Understanding the difference between the National Minimum Wage, the National Living Wage, and the Living Wage is imperative for any small business owner who has employees. The penalties for failing to pay employees correctly are substantial.
To help demystify the situation, we’ll take a look at these three main terms relating to wages and explain what they mean:
What is the National Minimum Wage?
The National Minimum Wage (NMW) in the UK is dependent on your age and whether you’re an apprentice. It’s set annually by the Government, based on recommendations by an independent body known as the Low Pay Commission.
The NMW is applicable to every person over school leaving age, regardless of their position in the company. There are, however, a few exceptions where the NMW doesn’t apply, including:
- Self-employed people running their own business
- Company directors
- Volunteers or voluntary workers
- Family members of the employer living in the employer’s home
As of 1st April 2018, the NMW rates are as follows:
||From April 2019
|Adult rate 25+
|Adult rate 21 – 24
|18 – 20
|Apprentice rate 1
1 The NMW for apprentices applies to all those aged under 19 employed on a Contract of Apprenticeship, and apprentices aged 19 or over in the first year of their Apprenticeship. It must be paid for all the time the apprentice spends working and all their time spent training. After this, the apprentice must be paid the normal NMW for their age.
What is the National Living Wage?
The National Living Wage (NLW) was introduced in the Summer Budget 2015 by then-Chancellor George Osborne and became law on 1st April 2016.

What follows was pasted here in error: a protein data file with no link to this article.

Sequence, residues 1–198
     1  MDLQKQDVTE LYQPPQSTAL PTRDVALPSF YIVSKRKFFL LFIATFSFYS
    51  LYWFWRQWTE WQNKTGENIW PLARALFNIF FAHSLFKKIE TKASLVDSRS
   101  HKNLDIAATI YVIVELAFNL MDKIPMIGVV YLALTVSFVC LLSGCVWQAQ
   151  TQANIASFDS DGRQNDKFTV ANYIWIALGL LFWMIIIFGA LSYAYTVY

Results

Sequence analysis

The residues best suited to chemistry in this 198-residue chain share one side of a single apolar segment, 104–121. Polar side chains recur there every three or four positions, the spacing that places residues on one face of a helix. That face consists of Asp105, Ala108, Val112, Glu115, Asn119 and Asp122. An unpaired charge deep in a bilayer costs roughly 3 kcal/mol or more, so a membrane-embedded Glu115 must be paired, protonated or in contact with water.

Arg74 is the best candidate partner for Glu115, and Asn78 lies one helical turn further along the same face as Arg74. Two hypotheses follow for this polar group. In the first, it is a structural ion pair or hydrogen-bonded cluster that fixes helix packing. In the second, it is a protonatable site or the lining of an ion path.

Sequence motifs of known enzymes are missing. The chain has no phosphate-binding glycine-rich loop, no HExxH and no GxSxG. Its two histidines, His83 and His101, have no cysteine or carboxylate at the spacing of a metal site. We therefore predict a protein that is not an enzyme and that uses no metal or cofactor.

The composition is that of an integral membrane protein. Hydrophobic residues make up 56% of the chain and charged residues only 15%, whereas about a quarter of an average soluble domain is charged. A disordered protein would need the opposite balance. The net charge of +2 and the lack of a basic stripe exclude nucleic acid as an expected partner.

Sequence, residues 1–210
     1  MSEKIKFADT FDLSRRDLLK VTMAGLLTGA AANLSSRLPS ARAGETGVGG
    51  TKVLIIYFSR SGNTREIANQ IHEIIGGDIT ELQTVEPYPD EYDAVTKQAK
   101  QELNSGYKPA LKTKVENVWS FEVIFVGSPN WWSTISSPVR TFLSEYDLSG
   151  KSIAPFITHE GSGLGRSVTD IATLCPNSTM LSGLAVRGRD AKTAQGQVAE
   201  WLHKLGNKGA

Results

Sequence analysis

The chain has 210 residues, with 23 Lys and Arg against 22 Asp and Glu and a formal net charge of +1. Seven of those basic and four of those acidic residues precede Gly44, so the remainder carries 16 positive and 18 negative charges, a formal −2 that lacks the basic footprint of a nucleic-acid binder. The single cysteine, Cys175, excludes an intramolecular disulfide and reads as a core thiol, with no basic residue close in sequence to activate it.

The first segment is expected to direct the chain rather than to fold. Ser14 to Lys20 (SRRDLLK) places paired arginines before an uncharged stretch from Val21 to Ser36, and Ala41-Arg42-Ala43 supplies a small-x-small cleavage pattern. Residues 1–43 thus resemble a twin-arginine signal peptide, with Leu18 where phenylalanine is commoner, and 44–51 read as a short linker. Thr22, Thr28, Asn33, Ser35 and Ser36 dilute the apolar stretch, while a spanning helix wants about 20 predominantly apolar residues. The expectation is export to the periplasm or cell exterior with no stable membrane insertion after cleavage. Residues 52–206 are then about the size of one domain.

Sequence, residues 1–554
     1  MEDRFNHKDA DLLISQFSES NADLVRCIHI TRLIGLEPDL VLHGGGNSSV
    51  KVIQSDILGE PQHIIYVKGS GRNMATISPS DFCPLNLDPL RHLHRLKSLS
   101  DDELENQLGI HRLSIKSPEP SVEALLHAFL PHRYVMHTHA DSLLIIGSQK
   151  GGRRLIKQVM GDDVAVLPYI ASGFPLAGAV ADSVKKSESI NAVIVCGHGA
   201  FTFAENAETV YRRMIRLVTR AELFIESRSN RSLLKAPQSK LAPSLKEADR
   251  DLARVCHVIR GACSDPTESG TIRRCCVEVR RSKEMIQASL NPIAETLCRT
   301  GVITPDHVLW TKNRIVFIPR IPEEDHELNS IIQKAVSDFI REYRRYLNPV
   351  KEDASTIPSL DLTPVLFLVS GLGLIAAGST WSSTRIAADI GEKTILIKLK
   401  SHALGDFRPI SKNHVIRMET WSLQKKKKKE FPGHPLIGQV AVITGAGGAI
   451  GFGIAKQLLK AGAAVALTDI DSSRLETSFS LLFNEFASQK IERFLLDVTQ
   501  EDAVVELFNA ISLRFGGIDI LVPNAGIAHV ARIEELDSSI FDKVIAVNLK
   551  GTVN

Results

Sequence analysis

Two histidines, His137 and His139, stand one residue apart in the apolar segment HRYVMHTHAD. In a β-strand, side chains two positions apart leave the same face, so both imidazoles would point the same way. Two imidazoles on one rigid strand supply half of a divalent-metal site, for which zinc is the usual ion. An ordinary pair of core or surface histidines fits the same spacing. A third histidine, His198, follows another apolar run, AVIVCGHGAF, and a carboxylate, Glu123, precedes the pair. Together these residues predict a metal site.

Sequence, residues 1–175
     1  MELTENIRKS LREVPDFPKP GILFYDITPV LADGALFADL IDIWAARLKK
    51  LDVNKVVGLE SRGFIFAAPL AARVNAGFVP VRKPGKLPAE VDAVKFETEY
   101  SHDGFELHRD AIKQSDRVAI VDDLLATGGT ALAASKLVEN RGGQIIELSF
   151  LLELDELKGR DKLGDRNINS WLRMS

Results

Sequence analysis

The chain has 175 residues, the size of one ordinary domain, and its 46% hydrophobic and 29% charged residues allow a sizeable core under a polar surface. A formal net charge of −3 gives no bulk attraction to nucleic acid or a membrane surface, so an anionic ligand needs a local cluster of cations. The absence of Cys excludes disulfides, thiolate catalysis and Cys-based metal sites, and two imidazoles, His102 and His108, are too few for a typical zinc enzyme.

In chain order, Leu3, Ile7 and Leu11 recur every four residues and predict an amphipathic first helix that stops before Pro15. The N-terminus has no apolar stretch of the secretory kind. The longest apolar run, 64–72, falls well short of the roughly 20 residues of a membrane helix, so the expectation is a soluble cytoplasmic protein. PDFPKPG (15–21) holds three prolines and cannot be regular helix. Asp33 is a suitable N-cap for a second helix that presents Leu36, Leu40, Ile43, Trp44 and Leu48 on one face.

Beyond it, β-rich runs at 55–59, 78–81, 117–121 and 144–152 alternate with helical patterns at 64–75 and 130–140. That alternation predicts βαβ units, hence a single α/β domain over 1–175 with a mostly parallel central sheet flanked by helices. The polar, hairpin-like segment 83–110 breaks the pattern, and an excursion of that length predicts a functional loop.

The NLW means anyone over the age of 25, and not in the first year of an apprenticeship, has to be paid £7.83 per hour or above. Confusingly, the NLW was simply a renaming of the NMW and not truly linked to the cost of living.
Regardless of the terminology though, the fact is that you need to pay anyone you employ, who’s over 25 years of age and not a first-year apprentice, at least £7.83 per hour.
What is the Living Wage?
Not to be confused with the NLW introduced under the Conservatives (see above), the Living Wage, sometimes referred to as the ‘Real’ Living Wage, is an hourly rate based on the basic cost of living in the UK.
It’s calculated by the Living Wage Foundation, a campaigning organisation in the UK, and therefore has no legal grounding. The Living Wage for the UK is set at a recommended £8.75 per hour and for London at a recommended £10.20 per hour.
The NLW is calculated by the Government based on a proportion of the median level of earnings, whereas the Living Wage is calculated independently of Government and is based on the amount people need to get by.
Since the NLW is based on a proportion of earnings (the Government has a target to achieve 60% of median earnings by 2020) it’s not surprising that the NLW is lower than the Living Wage. But many see the Living Wage as a more realistic calculation of how much a worker needs to earn in order to meet the basic cost of living, such as rent, food, and utility bills.
According to the Living Wage Foundation, the main benefit of paying workers the Living Wage is that it can increase employee retention, decrease absenteeism, and enhance the quality of work produced.
Non-payment of the NMW, NLW, or Living Wage
It is against the law for employers to pay workers less than the NMW or NLW, or to falsify payment records. The maximum fine for non-payment is £20,000 per worker. However, employers who fail to pay can be banned from being a company director for up to 15 years.
Whether or not you decide to pay your employees the Living Wage, remember that failure to pay the legally required amount can land your business in hot water.